Uncle Remus


I found Joel Chandler Harris’s Uncle Remus at the thrift store, for cheap-as-free, and picked it up. Then I put it down for a few months before I really got around to finishing it.

Here’s the thing – I remember reading Uncle Remus stories when I was little, and they were great! Brer Rabbit somehow always outfoxed Brer Fox, and I loved looking at the illustrations. What I didn’t know was that Uncle Remus has been redone over and over and over again, and what I was reading was a translation of the original.

The original Uncle Remus caught me by surprise – I thought it was downright racist at first. After reading a little more about Joel Chandler Harris, however, I realized this is more along the lines of Grimm’s Fairy Tales than a racial stereotype – Harris recorded the stories as he heard them, from the mouths of former slaves. And while a White-recorded book of Black mythology is going to have a bias, I feel like this collection is still historically important.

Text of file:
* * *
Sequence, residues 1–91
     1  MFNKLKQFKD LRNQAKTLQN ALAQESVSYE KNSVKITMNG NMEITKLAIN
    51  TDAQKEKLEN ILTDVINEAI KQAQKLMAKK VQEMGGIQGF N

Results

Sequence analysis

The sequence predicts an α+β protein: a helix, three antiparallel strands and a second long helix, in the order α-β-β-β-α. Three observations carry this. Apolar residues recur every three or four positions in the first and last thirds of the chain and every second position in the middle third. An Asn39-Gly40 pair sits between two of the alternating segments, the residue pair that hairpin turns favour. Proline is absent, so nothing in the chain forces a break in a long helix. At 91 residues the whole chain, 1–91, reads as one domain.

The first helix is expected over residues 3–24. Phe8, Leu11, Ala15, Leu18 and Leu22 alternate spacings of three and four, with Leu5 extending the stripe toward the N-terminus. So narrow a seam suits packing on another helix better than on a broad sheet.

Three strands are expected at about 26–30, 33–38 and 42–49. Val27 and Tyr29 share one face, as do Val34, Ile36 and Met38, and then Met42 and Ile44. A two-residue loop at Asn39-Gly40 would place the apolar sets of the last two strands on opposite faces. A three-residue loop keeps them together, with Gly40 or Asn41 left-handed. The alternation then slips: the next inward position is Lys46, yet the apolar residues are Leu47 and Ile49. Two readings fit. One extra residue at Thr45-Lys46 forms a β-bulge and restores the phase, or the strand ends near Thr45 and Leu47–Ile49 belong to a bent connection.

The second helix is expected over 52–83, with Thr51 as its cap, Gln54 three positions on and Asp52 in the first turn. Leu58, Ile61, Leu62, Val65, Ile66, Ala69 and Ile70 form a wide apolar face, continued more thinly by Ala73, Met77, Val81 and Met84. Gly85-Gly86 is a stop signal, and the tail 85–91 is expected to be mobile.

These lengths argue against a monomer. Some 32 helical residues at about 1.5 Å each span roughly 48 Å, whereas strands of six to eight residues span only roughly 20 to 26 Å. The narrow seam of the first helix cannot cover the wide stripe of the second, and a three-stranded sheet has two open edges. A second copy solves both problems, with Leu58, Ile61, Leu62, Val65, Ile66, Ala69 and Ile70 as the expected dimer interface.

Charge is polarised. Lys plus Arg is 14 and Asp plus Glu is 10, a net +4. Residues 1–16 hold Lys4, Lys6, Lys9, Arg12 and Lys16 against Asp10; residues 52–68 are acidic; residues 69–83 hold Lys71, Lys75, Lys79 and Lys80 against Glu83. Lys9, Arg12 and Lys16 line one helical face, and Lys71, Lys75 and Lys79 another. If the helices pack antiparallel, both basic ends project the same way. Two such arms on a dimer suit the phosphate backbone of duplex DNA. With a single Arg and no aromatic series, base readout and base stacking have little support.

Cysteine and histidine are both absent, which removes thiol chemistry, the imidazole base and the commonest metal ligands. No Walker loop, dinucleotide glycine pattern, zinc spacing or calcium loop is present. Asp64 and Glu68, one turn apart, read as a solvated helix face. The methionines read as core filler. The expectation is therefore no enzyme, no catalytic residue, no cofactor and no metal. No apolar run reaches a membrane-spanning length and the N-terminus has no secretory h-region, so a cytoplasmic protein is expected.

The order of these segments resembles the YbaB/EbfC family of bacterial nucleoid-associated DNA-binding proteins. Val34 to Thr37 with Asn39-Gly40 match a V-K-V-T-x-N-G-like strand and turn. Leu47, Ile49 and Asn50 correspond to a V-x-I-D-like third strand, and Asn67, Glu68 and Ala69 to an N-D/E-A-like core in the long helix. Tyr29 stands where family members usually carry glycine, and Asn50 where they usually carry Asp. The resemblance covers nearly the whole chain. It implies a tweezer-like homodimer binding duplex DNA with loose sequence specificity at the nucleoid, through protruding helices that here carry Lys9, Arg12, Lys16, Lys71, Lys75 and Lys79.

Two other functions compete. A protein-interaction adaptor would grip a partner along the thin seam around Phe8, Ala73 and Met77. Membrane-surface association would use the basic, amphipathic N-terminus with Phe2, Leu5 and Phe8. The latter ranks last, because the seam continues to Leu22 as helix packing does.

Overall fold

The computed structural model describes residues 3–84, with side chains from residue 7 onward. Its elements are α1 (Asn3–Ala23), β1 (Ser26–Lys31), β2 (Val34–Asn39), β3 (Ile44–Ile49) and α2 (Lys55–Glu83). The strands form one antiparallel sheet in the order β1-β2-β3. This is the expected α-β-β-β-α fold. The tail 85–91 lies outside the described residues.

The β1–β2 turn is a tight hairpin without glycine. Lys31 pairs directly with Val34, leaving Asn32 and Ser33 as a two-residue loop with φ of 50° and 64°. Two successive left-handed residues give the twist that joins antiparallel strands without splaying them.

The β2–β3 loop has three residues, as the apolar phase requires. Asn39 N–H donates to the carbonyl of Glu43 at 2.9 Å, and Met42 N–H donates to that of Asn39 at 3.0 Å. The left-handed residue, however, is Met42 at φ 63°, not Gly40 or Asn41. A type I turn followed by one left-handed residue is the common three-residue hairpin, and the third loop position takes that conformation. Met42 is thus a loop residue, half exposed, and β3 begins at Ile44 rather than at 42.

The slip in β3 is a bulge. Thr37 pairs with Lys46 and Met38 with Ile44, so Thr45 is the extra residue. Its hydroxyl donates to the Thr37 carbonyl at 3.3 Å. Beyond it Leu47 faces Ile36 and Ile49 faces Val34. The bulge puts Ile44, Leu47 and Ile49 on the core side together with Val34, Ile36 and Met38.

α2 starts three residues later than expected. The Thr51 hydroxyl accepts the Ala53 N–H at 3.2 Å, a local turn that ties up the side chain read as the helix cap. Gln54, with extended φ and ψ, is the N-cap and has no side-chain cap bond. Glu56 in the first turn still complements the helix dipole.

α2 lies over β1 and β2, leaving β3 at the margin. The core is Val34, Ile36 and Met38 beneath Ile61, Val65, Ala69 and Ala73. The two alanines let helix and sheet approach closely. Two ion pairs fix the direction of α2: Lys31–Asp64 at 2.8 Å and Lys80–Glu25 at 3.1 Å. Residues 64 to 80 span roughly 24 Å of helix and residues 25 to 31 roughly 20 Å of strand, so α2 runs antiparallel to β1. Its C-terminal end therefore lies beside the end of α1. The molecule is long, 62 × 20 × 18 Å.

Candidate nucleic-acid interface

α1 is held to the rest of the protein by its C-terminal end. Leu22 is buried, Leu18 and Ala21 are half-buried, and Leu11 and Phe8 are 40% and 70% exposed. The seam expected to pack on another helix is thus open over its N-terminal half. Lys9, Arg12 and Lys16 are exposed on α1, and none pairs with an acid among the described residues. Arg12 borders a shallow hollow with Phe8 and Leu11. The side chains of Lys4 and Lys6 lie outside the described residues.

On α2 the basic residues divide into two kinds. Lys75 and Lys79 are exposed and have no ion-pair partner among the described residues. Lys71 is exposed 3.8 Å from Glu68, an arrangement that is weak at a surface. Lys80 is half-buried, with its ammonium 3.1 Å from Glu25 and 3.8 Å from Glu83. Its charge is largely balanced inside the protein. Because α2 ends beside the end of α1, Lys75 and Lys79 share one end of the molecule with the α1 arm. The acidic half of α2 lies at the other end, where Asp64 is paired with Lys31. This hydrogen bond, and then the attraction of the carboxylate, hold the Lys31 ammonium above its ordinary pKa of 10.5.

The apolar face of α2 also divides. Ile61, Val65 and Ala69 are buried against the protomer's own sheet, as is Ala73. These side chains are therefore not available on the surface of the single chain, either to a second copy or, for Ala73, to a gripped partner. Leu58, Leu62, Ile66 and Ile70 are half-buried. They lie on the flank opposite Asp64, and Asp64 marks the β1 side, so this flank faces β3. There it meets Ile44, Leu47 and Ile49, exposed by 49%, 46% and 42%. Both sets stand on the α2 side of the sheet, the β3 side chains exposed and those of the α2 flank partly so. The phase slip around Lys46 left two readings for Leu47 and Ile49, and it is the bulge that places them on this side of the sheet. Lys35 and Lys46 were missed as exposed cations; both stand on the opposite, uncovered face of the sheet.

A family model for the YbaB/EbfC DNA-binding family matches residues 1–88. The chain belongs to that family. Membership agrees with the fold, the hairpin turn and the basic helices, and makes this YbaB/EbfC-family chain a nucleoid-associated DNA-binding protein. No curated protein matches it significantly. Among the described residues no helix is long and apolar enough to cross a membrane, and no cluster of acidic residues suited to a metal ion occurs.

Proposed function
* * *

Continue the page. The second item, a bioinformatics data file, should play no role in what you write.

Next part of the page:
But, for heaven’s sake, get a new translation. I had to read each story painstakingly out loud (which included some foul language on accident), because Harris spelled things phonetically… sort of. It’s all written in Ebonics – but it’s 150 years old, so there’s a lot of phrases, pronunciations, and customs that just don’t make any sense. My recommendation: find a nice, well-illustrated copy that’s written in plain English. ♦


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